Iowa Crops and Weather Report – April 9

DES MOINES – Iowa Secretary of Agriculture Mike Naig has commented on the Iowa Crop Progress and Condition report released by the USDA National Agricultural Statistical Service.  The report is released weekly from April through November.

“Another week of cold, wet weather prevented nearly all fieldwork and continued to challenge cow-calf producers. Just 4 percent of the oat crop has been planted, more than week behind last year and the five-year average. The weather forecast for the next couple of weeks looks mixed, so we are still likely a few weeks out from widespread spring fieldwork,” Naig said.

The weekly report is also available on the Iowa Department of Agriculture and Land Stewardship’s website at or on USDA’s site at  The report summary follows here:


 Another cold, wet week prevented fieldwork across most of Iowa with just 0.8 day suitable for fieldwork during the week ending April 8, 2018, according to the USDA, National Agricultural Statistics Service. Isolated reports of grain transport and fertilizer application were received.

Topsoil moisture levels rated 2 percent very short, 7 percent short, 76 percent adequate and 15 percent surplus. Subsoil moisture levels rated 3 percent very short, 12 percent short, 77 percent adequate and 8 percent surplus. South central and southeast Iowa moisture conditions continue to be dry with over one-third of topsoil considered short to very short and over one-half of subsoil short to very short.

Four percent of the expected oat crop has been planted, 8 days behind both last year and the 5-year average.

Livestock conditions continue to be mixed. Cold temperatures and snows have hampered early spring pasture growth and continue to present challenges for calving throughout much of the State.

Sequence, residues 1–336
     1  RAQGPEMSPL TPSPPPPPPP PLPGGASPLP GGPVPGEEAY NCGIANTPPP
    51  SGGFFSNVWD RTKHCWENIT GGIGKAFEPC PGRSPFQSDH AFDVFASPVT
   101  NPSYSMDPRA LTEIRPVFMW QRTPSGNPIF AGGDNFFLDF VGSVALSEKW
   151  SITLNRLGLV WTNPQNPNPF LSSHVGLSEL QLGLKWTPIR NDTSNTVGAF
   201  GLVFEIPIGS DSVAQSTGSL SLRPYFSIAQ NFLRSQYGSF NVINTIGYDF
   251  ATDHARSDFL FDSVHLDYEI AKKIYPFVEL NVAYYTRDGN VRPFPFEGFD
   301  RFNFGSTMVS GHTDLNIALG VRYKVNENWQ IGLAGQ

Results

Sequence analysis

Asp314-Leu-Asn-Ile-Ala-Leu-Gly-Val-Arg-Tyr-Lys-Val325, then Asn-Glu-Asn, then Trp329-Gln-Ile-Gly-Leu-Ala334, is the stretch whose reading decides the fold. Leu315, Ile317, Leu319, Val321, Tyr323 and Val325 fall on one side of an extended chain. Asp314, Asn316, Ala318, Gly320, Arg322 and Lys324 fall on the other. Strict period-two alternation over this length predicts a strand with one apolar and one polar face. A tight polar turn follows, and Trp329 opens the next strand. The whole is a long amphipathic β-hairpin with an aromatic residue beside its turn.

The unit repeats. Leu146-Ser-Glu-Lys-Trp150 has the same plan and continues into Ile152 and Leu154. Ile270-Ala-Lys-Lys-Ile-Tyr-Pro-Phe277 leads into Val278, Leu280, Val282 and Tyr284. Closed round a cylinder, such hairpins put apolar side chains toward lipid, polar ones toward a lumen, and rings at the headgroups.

By Michael Timlin, Regional Climatologist, Midwestern Regional Climate Center

Temperatures were well below normal across Iowa for the past week. Temperatures averaged 16 to 19 degrees below normal across the state. Minimum temperatures remained below freezing all week. The warmest temperatures were on the 5th when temperatures rose into the 60s in southwest and south central Iowa. Lamoni, Clarinda, and Shenandoah all reached 62 degrees that day. The coldest reading, minus 3 degrees, was at Waukon on the 7th. The cold temperatures kept soil temperatures down, with readings remaining in the low to mid 30s as of the 8th. Precipitation was also well below normal for much of the state. The southern two-thirds of the state had deficits greater than 0.40 inches for the 7-day period. Only northwestern Iowa had near-normal precipitation for the week. The totals were less than 50 percent of normal for much of the state, and less than 10 percent of normal in parts of west central and central Iowa. The highest precipitation total was 0.74 inches in Pocahontas and the lowest total was 0.00 inches at a handful of stations. Snow fell across the southern edge of the state on the 2nd and fell across the northern third of the state later in the week. The highest snow totals were just over 10 inches at a couple of Mason City stations.